Fondly, Pennsylvania

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Fondly, Pennsylvania

Fondly, Pennsylvania is a joint blog of HSP's archives, conservation, and digitization departments.  Here you will find posts on our latest projects and newest discoveries, as well as how we care for, describe, and preserve our collections.  Whether you are doing research or just curious to know more about the behind-the-scenes work that goes on at HSP, please read, explore, and join the conversation!

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7/18/16
Author: Vincent Fraley

Though they no longer take up formal residence in Philadelphia during their administrations, U.S. Presidents have long frequented the city and surrounding environs. As the Democratic National Convention draws near, trace the steps of previous Democratic presidents during their visits to the area.

Wheatland (1120 Marietta Avenue, Lancaster)

Comments: 0
7/14/16
Author: Vincent Fraley

When asked about French history, many Americans likely remember some combination of Marie Antoinette, the guillotine, and D-Day.

But perhaps the French figure that holds the most currency in American popular memory is the Marquis de Lafayette, a close friend of George Washington and a major-general who fought at Brandywine Creek, Monmouth Courthouse, and Yorktown during the American Revolution.

Comments: 1
7/14/16
Author: Vincent Fraley

#‎OnThisDay‬ in 1789, Parisians turned their noses up at absolute monarchy and stormed the Bastille. Known informally to Francophones as Le quatorze juillet, the occasion marked a turning point in the struggle against the then-kingdom's Ancien Régime.

Celebrate on this side of the Atlantic with a look at the intimate connection shared between Philadelphia and France in the form of the French Benevolent Society.

Comments: 0
7/12/16
Author: Vincent Fraley

Today marks the 199th birthday of Massachusetts-born author Henry David Thoreau. Known to friends as "Hank the Crank," the transcendentalist visited Philadelphia only once during his life, in 1854. It was the farthest south he would ever travel.

“To Philadelphia. 7 A. M., to Boston, 9 A. M. to New York, by express train, land route," he wrote. "Arrive at 10 P. M.; time, four hours from New York, thirteen from Boston, fifteen from Concord."

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7/11/16
Author: Vincent Fraley

Behind no less than five sets of locks – both electronic and analog, including a 19th century bank vault door – rest some of the most treasured items in HSP’s collection of over 21 million manuscripts, graphics, and books. Until now. 

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7/11/16
Author: Vincent Fraley

The Library Company of Philadelphia’s latest free exhibit, Common Touch: The Art of the Senses in the History of the Blind, explores the nature of perception via historical documents for the visually impaired. For Americans afflicted with full or partial loss of vision in the 19th century, Philadelphia offered a rare opportunity: an education.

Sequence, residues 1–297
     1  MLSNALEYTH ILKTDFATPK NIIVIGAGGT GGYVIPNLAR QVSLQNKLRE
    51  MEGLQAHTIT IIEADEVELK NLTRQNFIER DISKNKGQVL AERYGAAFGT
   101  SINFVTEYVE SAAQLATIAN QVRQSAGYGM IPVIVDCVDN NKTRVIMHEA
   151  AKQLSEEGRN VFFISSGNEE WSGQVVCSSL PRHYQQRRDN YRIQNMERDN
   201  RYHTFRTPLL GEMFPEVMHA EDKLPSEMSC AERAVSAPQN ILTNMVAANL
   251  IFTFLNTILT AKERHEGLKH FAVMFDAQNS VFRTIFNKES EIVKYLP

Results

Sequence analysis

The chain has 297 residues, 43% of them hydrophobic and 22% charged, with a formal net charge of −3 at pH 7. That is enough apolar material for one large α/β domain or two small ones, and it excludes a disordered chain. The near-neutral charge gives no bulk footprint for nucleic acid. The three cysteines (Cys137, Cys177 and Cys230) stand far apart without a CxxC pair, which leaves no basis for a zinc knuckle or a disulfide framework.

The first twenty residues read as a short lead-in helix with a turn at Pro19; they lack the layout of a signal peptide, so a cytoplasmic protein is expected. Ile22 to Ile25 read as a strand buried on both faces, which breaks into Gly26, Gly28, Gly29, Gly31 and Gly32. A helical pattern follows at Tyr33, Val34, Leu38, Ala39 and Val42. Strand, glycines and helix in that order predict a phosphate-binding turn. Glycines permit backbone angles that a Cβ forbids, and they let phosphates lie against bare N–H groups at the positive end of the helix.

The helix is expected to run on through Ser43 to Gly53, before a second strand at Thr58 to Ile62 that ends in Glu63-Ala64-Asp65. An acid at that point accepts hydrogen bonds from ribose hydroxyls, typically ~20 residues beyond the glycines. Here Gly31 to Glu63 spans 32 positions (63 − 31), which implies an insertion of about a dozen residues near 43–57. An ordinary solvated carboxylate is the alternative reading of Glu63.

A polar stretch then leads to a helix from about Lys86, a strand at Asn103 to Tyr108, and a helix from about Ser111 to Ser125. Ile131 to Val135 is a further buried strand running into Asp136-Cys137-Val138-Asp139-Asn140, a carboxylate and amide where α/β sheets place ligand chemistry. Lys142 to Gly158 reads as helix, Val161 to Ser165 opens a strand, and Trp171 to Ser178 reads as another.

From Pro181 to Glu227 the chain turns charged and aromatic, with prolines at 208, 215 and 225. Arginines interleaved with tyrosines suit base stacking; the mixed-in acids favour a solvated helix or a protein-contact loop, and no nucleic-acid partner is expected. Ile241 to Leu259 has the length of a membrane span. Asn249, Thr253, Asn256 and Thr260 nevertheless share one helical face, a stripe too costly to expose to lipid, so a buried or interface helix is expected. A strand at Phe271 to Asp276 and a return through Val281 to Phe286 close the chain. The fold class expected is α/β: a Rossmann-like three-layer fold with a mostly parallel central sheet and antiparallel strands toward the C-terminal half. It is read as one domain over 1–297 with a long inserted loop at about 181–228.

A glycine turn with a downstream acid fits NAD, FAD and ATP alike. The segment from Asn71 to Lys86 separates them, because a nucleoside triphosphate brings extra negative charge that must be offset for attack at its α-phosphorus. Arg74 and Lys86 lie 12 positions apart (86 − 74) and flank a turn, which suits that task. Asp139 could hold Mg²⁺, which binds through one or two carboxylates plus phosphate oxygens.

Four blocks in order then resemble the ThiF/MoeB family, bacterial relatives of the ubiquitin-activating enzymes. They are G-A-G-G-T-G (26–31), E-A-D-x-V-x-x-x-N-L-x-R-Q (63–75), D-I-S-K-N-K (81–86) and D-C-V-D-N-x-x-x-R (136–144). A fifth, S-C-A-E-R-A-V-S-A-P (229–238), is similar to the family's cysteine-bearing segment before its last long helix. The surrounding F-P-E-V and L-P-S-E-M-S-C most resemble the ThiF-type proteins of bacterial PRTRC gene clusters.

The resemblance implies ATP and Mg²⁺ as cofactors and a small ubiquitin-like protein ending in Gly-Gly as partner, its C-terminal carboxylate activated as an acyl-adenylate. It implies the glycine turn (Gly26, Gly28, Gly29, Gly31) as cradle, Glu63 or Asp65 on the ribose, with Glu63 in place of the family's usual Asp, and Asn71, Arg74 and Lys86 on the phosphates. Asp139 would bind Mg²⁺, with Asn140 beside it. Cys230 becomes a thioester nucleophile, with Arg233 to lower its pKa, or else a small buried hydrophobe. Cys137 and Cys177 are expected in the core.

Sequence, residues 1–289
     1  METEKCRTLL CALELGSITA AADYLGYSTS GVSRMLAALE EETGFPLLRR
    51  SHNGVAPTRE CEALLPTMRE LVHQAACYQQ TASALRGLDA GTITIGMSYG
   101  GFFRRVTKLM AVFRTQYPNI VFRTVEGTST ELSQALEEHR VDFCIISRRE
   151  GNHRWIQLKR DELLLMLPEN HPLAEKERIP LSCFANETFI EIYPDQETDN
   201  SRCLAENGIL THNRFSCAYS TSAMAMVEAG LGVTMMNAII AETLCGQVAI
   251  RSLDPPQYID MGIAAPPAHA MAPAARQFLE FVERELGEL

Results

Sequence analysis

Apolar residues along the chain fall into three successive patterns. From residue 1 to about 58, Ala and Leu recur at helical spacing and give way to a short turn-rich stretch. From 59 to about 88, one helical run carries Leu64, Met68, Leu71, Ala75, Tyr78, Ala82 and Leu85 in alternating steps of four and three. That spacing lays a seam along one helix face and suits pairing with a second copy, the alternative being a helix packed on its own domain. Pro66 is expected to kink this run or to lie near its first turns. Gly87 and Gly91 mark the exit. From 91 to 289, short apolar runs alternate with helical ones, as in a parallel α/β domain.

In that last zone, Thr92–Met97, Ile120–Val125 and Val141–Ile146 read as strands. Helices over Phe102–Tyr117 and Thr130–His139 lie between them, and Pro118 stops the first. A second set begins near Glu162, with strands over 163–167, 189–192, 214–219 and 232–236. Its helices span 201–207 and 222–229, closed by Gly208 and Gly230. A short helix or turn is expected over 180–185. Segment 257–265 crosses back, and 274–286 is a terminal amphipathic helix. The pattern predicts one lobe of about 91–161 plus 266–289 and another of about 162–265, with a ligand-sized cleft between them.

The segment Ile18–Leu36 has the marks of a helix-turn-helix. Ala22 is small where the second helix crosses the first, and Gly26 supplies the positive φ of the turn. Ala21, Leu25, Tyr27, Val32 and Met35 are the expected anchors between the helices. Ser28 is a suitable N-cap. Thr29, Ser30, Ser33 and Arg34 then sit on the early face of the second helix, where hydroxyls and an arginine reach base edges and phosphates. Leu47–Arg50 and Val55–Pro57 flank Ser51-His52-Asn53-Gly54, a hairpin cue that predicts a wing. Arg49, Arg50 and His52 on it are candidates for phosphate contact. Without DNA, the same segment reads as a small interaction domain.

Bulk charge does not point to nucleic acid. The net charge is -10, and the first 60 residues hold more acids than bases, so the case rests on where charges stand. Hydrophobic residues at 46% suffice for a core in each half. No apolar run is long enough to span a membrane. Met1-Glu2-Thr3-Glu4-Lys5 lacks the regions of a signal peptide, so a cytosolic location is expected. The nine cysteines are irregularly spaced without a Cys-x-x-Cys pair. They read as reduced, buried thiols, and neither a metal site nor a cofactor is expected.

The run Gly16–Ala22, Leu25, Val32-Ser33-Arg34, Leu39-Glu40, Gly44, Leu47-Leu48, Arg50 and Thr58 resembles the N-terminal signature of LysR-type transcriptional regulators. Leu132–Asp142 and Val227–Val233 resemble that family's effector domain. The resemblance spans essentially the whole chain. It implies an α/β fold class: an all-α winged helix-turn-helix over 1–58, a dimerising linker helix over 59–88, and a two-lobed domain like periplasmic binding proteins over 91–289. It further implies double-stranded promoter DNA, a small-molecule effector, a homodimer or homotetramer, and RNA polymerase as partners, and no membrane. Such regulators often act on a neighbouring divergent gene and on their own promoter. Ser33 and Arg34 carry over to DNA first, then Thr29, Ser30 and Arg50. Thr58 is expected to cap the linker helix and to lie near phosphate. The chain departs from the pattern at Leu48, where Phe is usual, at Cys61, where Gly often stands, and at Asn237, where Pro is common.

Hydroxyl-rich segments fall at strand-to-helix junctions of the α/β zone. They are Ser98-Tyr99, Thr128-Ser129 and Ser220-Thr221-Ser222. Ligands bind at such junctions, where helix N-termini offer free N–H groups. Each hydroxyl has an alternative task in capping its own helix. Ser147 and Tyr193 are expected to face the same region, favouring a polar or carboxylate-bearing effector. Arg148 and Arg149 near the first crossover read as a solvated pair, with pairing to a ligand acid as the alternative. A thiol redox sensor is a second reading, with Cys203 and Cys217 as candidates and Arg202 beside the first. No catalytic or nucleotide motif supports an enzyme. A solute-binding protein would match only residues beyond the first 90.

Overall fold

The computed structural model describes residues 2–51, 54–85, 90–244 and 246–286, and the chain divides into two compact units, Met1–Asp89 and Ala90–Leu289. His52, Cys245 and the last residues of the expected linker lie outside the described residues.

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7/5/16
Author: Vincent Fraley

Behind no less than five sets of locks – both electronic and analog, including a 19th century bank vault door – rest some of the most treasured items in HSP’s collection of over 21 million manuscripts, graphics, and books. Until now. 

Comments: 0
7/5/16
Author: Vincent Fraley

As the nation reflects on the meaning of freedom and liberty this Fourth of July weekend, consider an unsung heroine of women's independence: the bicycle.

Taking a broad definition of race and bicycle, Philadelphia women participated in one of the earliest competitions in North America featuring a two-wheeled, human-powered machine.

In 1819, artist Charles Willson Peale witnessed his daughters Sybilla and Elizabeth informally racing "downhill like the very devil" on his velocipede, an iron juggernaut and the first two-wheeler in the city.

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6/27/16
Author: Vincent Fraley

Behind no less than five sets of locks – both electronic and analog, including a 19th century bank vault door – rest some of the most treasured items in HSP’s collection of over 21 million manuscripts, graphics, and books. Until now. 

Topics : 18th century
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6/27/16
Author: Vincent Fraley

This month marked the opening of the Pennsylvania Horticultural Society’s new popup beer garden, the Viaduct Rail Park, at 10th and Hamilton. While the popularity — and legality — of these gardens may find their origin in the 21st century, the viaduct itself is more than 100 years old.

Built in the 1890s by the then-named Pennsylvania and Reading Railroad, the mile-long Reading Viaduct is a combination of embankment sections and arched masonry bridges stretching from Vine Street to Fairmount Avenue.

Topics : Industry
Comments: 0